Lisa has held several other substantial posts in Justice, Health, serving in the British Army, and lecturing and leading research in child mental health at the University of Wales.
Lisa is passionate about the profession and remains dedicated to improved educational outcomes for young people.
University of Melbourne & AITSL
John Hattie is Director of the Melbourne Educational Research Institute at the University of Melbourne, Chair of the Australian Institute of Teaching and School Leaders, & co-director of the Science of Learning Research Centre. His areas of interest are measurement models and their applications to educational problems, and models of teaching and learning. He has published and presented over 850 papers, and supervised 187 theses students.
Australian Catholic University
Claire Wyatt-Smith is the Director of the Learning Sciences Institute Australia at Australian Catholic University and Professor of Educational Assessment and Evaluation. Previous roles include teaching in secondary schools and universities, and administrative roles including Executive Dean of Education and Arts, and Dean Academic (Arts, Education and Law). She holds advisory roles in curriculum and assessment agencies in Australia and several other countries, along with Visiting Research and Teaching Professor roles. She is the Series Editor for Springer’s new teacher education series, Teacher Education, Learning Innovation and Accountability.
What People Are Saying
“An excellent conference with national and international speakers who engaged me and contributed to my learning”Monash University & Attendee at November 2016’s Improving Initial Teacher Education
Date: 17 Apr 2018 By: Richard Jackson
2018 is the year of change at Faculty’s of Education across Australia, as staff are busy implementing evidence based standards across their faculty to assess the readiness of their graduate teachers The most challenging aspect for University’s are the Teacher Performance Assessment (TPA’s). This is essentially a more formalised metric systems that rates a graduate …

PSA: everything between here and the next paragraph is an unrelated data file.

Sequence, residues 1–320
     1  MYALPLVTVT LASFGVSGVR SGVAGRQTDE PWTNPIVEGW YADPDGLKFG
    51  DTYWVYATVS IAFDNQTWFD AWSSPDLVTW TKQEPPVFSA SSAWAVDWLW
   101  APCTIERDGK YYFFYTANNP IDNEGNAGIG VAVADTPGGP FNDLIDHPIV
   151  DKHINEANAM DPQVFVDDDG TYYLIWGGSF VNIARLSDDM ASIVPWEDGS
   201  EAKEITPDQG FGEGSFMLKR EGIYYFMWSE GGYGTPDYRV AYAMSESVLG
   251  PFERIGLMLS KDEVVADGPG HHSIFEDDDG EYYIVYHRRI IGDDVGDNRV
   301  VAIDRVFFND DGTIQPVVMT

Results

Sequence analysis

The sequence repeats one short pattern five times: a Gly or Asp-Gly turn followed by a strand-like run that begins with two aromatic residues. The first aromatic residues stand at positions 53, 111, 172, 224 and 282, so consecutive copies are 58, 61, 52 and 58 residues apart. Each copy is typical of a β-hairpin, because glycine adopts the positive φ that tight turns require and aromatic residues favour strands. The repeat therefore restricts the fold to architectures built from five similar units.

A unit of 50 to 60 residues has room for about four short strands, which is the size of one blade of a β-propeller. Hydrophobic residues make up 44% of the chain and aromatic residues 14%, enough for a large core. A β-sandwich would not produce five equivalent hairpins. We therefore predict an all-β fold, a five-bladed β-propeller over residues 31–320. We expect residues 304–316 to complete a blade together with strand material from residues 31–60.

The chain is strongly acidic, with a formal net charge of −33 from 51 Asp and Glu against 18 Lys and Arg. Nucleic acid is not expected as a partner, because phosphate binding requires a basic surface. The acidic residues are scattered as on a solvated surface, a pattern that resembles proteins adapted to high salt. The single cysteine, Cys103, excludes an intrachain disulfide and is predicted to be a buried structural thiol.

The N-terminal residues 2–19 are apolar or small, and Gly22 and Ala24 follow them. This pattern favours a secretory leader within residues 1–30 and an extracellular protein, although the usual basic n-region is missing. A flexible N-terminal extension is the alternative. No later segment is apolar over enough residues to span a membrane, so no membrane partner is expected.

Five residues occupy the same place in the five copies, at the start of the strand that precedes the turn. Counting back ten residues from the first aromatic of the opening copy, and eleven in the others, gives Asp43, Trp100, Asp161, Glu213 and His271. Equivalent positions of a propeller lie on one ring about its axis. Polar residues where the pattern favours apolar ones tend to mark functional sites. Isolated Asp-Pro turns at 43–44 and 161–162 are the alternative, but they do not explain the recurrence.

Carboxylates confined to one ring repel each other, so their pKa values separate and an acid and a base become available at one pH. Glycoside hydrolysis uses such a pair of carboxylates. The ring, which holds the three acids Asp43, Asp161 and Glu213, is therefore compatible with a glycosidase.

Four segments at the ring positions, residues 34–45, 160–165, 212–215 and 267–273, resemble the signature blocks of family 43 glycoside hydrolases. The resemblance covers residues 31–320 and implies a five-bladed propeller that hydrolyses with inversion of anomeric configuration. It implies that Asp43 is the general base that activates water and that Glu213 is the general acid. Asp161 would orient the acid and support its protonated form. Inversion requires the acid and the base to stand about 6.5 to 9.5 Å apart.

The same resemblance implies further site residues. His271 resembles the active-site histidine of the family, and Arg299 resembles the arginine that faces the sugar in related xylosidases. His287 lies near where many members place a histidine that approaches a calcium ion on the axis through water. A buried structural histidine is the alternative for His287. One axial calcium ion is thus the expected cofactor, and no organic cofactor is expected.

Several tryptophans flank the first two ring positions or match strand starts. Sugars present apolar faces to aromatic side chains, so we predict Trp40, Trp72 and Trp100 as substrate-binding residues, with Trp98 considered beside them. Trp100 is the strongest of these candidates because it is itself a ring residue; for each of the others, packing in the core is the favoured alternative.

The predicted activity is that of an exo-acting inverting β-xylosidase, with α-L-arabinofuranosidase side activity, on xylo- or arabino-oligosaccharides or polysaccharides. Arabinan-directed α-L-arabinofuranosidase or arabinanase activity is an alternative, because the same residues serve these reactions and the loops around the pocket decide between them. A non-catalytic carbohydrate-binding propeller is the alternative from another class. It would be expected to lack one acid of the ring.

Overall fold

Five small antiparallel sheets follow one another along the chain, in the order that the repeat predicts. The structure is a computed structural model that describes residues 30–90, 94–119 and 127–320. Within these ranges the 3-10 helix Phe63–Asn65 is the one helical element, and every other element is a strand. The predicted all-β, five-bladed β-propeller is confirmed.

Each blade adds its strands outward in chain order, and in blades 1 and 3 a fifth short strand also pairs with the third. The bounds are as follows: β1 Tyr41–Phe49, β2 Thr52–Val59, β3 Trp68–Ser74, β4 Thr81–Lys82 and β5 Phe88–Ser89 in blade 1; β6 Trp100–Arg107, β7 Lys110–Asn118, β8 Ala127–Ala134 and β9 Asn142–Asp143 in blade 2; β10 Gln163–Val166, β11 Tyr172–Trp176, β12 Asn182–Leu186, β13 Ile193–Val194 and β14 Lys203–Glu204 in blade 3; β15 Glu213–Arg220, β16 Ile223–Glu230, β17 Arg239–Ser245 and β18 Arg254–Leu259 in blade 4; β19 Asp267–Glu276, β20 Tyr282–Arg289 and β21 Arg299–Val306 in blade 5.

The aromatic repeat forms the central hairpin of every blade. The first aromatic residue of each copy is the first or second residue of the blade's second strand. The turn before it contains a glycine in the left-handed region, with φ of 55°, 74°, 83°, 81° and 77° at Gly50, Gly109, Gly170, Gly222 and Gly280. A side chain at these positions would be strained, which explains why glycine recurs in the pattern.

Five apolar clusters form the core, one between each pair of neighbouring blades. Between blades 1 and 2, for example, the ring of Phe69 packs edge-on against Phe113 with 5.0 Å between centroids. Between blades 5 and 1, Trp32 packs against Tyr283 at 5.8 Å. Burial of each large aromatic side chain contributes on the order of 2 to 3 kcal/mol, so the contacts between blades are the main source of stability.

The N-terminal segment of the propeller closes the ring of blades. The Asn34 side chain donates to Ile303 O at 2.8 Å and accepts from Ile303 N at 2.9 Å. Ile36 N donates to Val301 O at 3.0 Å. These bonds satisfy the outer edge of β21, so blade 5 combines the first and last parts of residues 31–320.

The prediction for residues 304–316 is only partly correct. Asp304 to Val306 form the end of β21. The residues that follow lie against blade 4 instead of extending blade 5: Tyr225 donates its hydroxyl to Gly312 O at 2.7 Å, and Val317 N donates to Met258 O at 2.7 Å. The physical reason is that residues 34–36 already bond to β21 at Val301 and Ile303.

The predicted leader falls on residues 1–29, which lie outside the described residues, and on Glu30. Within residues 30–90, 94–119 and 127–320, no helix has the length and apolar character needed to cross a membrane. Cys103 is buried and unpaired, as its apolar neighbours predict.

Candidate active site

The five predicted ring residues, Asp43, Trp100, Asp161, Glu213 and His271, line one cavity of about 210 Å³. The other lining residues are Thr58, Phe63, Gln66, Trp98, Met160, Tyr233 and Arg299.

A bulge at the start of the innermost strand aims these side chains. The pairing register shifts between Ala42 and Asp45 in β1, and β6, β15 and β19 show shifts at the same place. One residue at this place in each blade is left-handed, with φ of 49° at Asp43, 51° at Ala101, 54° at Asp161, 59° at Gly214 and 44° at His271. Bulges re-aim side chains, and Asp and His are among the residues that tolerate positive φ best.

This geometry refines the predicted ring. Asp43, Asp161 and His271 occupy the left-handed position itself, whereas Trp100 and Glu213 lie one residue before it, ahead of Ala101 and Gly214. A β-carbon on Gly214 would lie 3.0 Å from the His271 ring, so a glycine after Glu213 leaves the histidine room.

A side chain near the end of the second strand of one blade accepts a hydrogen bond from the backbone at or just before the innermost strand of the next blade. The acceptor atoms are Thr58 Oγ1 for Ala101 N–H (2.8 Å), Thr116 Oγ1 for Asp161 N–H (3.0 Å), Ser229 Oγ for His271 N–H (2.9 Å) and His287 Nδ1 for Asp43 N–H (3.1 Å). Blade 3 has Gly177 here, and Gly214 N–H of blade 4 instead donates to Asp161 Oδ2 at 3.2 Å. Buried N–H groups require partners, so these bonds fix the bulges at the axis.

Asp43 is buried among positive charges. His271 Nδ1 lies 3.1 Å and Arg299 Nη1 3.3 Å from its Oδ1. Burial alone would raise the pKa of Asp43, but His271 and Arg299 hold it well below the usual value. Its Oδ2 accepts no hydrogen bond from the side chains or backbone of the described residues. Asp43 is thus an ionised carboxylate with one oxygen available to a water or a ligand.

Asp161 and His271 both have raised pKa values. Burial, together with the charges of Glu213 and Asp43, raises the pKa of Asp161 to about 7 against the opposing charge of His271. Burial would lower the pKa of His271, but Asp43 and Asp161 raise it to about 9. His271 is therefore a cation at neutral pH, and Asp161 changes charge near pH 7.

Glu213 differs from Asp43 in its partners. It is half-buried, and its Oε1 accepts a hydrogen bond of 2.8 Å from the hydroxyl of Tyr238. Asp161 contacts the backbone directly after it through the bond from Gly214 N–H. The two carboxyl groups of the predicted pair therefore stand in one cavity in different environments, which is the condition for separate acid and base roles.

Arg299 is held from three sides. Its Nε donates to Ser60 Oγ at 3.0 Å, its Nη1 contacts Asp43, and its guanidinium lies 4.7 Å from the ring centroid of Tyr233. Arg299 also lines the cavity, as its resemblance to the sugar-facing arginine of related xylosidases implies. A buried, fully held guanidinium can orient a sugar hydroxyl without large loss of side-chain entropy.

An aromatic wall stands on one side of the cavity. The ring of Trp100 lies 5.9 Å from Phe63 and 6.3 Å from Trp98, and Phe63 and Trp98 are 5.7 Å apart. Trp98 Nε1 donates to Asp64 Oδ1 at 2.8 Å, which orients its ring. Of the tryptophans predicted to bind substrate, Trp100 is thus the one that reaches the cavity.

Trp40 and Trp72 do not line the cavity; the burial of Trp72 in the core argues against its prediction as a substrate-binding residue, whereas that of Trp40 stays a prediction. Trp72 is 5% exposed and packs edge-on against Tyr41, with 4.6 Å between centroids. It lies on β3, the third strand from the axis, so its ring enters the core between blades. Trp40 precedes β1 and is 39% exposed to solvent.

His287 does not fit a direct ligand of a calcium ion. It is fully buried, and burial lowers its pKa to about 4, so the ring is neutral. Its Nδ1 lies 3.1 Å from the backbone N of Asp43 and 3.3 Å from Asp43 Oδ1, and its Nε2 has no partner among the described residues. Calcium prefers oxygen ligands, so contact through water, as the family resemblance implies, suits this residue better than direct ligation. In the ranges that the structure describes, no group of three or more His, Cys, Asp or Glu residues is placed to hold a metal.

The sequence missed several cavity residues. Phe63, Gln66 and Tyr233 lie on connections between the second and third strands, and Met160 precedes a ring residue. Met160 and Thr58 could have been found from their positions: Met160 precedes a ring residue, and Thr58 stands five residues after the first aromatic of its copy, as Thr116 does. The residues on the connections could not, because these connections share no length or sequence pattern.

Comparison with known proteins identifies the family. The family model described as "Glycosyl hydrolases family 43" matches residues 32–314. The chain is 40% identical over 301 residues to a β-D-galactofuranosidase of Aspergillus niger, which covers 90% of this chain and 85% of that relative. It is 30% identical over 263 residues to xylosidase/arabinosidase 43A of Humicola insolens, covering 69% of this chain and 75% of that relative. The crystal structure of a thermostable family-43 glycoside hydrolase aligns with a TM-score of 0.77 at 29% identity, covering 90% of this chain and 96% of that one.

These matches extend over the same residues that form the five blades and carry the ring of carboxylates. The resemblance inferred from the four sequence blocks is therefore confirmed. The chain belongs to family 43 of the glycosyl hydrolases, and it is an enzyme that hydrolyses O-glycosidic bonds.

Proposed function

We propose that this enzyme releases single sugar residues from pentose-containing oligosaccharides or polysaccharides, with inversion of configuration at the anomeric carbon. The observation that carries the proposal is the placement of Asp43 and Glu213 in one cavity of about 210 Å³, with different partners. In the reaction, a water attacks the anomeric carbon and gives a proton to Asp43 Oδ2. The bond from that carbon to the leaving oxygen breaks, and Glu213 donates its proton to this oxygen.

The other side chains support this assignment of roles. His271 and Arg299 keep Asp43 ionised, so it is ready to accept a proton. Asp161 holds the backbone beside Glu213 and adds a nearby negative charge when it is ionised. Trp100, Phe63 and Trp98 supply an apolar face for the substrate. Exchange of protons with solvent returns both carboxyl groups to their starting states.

Date: 4 Oct 2016 By: Diane Mayer
Diane Mayer, University of Sydney Teacher education is a highly scrutinised area. Australia, for example, has had a steady stream of reviews over the past 25 years. These reviews usually examine the available research literature (mostly as it is filtered through reports by think-tanks and various multinationals and global organisations) and set up mechanisms for …
Date: 22 Sep 2016 By: Jessica Farrelly
Almost a quarter of teachers consider leaving the profession within their first five years of teaching, according to data released by the Australian Institute for Teaching and Learning (AITSL) last year. The Initial Teacher Education data report found that the main reason new teachers contemplate an alternative career is insufficient recognition or reward. This issue …
Date: 30 Aug 2016 By: Field Rickards, Dean of Education, University of Melbourne
Field Rickards, University of Melbourne In our series, Better Teachers, we’ll explore how to improve teacher education in Australia. We’ll look at what the evidence says on a range of themes including how to raise the status of the profession and measure and improve teacher quality. Top-performing international education systems value expert teaching and recognise …